How do I know if I winning the war against the fleas!?

Login or register to comment, vote, answer, or ask a question.

QuestionsCategory: Flea InfestationsHow do I know if I winning the war against the fleas!?
sread asked 3 weeks ago

Good day,
We have three pets, two indoor cats, and a dog. About 3-4 weeks ago we found fleas dirt on our dog while brushing him. We then checked out the cats and one other had flea dirt. That same day we applied flea treatments to all 3 of them and vacuumed the whole house and sprayed every surface with a household flea treatment (aerosol). Since then, the dog went to the vet and got prescription treatments (which have been applied as per the vet’s instruction), and we have bathed the dog and cats once per week. Every day I run through their fur with a flea comb and put what fleas I grab in a water bath with dish soap to drown them. 

I should also mention we have isolated the pets to the tiled part of our home (away from beds and sofas). We vacuum twice a day in this area and once a day in the rest of the house that they don’t have access to currently.

I thought I was getting somewhere, I was getting max one flea out of the cats each day for two days and none of them were scratching much. Then today I ran the flea comb through one of my cats and caught 7 adult fleas! I haven’t caught any in my other cat but I see new litter that suggested they are on her again. 

I don’t know what else to do! Please help!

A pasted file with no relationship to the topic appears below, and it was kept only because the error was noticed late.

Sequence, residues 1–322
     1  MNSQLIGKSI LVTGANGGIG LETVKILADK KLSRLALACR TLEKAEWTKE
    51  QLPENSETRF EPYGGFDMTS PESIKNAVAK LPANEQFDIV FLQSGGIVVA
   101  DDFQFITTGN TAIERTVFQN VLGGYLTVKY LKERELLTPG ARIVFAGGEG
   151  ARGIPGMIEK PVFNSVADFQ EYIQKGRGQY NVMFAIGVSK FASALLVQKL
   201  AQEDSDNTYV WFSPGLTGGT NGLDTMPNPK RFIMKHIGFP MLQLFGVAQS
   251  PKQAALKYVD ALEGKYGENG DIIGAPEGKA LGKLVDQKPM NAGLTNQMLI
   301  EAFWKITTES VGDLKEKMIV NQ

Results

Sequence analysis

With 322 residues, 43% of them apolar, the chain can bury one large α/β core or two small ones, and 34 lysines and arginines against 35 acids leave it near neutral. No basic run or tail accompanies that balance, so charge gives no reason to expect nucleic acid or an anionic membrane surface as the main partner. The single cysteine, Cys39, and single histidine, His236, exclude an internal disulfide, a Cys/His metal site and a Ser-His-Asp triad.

1 Answers
Adam Retzer Staff answered 3 weeks ago

sread,

Flea infestations usually take around 8 weeks to resolve after treatment begins. It’s normal to see fleas until then. 95-99% of infestation are eggs, larvae, and pupae in the environment. Fleas can be found on treated pets, because new adults are emerging from the environment and seeking a host. You are likely seeing the new fleas before they fully succumb to the insecticide, but they should die within a few hours.

With your pets and the environment properly treated, the fleas shouldn’t be able to lay eggs. So you are likely dealing with the last generation. You just need to wait for the immature stages to mature, emerge, and die. Unfortunately there is little you can do eliminate all of these stages early, because they are hidden deep within carpets and other refuges where insecticides can’t penetrate well.

The problem stage is cocooned adults. After pupating, fleas can stay quiescent inside their cocoons for up to 5 months until they detect a host (heat and pressure). Vacuuming is a good way to simulate these cues and force emergence. Also, it may be a good idea to allow your treated animals to have access to the whole home. Then they will go back to their favorite resting spots, which will also be flea hot-spots. The fleas will emerge from cocoons, jump on the pets, and then die when exposed to the insecticide.

You may want to consider dialing back the shampooing to once a month. Too much water submersion may reduce the efficacy of pet treatments, even though many are labeled as water-proof.

In summary, it sounds like you are on the right path. It will just take a bit more time. If you want to monitor the flea population in your home, flea traps can be usual. They can help give an idea of how quickly the infestation is ending.

I hope this helps!
Adam

Top